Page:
Data Collection and Reporting Periods

The following table illustrates the data collection and reporting periods.

Data Collection and Reporting Periods for CDLTs Data Collection Period Six Month Window Data Reporting Period CLFS Rate Years that will use the Data
1/1/2016 – 6/30/2016 7/1/2016 – 12/31/2016 1/1/2017 – 3/31/2017 2018 – 2020
1/1/2019 – 6/30/2019 7/1/2019 – 12/31/2019 1/1/2020 – 3/31/2020 2021 – 2023
Continues every
third subsequent
calendar year
Continues every
third subsequent
calendar year
Continues every
third subsequent
calendar year
New CLFS rate
every third year

What’s the Risk for Not Reporting?

CMS is authorized to impose civil monetary penalties of up to $10,000 per day, adjusted for inflation as required by the Inflation Adjustment Act Improvements Act of 2015, for each failure to report or each misrepresentation or omission in reporting applicable information.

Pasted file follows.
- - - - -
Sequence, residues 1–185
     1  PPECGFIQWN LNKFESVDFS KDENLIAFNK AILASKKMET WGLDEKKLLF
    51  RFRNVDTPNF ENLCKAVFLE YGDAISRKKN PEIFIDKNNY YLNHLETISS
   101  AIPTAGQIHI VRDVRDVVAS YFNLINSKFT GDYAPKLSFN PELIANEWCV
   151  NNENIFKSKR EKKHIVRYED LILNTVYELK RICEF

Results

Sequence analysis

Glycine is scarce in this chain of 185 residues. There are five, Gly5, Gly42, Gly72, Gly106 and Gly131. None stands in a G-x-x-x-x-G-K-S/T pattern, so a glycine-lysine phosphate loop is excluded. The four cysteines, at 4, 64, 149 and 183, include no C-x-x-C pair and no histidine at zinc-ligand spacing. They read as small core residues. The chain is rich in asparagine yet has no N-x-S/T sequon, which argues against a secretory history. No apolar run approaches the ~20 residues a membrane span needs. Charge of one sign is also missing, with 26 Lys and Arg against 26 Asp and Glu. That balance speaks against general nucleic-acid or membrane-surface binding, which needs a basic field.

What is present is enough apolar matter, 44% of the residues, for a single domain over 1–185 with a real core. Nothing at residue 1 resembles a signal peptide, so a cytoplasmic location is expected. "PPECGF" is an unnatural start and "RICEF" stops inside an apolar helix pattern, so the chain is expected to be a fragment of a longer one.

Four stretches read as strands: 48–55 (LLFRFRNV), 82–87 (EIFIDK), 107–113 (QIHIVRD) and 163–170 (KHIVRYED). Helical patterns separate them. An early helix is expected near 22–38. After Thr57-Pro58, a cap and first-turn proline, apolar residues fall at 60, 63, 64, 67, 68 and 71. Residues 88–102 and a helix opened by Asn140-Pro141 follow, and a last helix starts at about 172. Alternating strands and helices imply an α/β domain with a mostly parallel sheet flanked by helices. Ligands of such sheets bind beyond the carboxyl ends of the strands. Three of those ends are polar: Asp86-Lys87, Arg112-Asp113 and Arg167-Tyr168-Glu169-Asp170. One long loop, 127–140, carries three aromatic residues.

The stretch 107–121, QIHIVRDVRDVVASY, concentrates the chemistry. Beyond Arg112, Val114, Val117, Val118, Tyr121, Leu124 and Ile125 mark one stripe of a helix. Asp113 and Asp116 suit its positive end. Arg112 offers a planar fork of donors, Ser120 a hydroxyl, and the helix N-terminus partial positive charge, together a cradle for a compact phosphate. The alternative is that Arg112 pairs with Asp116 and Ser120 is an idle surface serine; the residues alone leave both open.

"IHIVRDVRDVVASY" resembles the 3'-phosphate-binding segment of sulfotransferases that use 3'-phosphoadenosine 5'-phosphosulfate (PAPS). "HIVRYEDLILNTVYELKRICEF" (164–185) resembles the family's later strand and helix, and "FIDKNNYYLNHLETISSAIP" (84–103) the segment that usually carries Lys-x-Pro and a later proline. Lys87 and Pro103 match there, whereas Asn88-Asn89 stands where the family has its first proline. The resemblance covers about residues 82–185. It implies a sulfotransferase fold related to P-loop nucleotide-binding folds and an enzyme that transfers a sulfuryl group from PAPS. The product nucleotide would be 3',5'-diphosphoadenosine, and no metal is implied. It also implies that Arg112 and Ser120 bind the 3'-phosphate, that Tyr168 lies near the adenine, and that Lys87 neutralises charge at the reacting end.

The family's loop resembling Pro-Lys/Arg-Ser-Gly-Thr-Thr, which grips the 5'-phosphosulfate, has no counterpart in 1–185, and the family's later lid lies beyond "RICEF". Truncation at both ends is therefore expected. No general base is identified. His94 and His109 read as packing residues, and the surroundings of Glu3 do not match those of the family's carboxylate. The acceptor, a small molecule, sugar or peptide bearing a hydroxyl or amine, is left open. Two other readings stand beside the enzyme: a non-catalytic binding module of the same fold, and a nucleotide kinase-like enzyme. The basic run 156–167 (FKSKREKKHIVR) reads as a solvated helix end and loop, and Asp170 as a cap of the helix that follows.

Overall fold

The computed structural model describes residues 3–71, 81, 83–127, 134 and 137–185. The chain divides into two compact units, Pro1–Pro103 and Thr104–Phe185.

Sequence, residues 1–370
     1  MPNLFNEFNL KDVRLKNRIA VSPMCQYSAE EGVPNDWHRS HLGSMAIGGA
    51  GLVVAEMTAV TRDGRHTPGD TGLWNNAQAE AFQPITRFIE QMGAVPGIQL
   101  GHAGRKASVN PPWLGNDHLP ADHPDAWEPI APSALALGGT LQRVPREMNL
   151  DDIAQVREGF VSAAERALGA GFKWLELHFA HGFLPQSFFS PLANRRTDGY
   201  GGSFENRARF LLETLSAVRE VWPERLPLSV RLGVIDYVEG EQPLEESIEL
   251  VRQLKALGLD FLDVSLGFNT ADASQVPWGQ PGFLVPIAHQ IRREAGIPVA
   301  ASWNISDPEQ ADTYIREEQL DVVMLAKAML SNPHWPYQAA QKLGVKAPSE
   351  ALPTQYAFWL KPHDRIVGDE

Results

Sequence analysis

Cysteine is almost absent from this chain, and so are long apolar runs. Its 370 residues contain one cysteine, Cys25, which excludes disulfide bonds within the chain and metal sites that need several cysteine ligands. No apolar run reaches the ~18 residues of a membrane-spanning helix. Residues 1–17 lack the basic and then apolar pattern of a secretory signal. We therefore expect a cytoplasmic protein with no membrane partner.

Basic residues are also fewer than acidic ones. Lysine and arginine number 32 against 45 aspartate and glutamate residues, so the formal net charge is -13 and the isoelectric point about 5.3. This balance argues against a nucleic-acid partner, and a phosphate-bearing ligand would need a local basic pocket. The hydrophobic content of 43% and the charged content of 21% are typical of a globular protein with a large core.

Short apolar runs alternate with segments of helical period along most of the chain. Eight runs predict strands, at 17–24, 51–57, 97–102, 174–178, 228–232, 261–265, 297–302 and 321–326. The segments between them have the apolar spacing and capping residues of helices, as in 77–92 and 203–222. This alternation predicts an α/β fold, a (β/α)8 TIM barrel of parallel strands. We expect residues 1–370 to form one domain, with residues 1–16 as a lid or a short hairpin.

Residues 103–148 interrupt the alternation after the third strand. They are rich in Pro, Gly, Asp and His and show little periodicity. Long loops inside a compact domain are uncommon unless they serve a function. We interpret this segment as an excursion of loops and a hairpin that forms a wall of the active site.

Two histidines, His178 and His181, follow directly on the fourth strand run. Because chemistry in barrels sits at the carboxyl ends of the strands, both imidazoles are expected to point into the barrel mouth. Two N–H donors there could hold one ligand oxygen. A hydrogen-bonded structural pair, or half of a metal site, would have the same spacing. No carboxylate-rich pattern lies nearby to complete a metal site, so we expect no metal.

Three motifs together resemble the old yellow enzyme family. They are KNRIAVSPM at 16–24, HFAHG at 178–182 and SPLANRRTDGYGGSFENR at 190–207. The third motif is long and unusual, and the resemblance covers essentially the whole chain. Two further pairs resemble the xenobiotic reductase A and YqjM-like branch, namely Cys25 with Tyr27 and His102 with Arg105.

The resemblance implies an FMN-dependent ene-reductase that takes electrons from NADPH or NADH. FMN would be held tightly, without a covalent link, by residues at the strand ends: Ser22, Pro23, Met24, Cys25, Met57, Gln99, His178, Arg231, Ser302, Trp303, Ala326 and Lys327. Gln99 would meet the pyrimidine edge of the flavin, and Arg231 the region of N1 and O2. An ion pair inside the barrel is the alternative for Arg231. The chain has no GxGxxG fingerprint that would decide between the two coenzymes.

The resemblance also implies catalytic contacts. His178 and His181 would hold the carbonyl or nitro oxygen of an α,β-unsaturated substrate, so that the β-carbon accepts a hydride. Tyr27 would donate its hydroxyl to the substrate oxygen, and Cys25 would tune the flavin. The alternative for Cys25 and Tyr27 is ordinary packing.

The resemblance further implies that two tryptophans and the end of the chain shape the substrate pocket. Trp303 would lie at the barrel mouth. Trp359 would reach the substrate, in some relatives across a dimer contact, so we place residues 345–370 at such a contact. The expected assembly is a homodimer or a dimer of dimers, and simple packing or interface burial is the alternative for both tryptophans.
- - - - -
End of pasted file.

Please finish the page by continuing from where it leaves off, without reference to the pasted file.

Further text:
Maryann Palmeter

About Has 23 Posts

Maryann C. Palmeter, CPC, CPCO, CPMA, CENTC, CHC, has more than 30 years of technical and executive level experience gained through her work on both the government payer and professional billing ends of the healthcare spectrum. She is director of physician billing compliance at the University of Florida Jacksonville Physicians, Inc., and is responsible for providing professional direction and oversight to the billing compliance program of the University of Florida College of MedicineJacksonville. Palmeter served on the AAPC’s National Advisory Board from 2011-2013 and was subsequently selected to serve as secretary for the 2013-2015 term. She was named the AAPC’s 2010 “Member of the Year” and is the vice president for the Jacksonville, Fla., local chapter.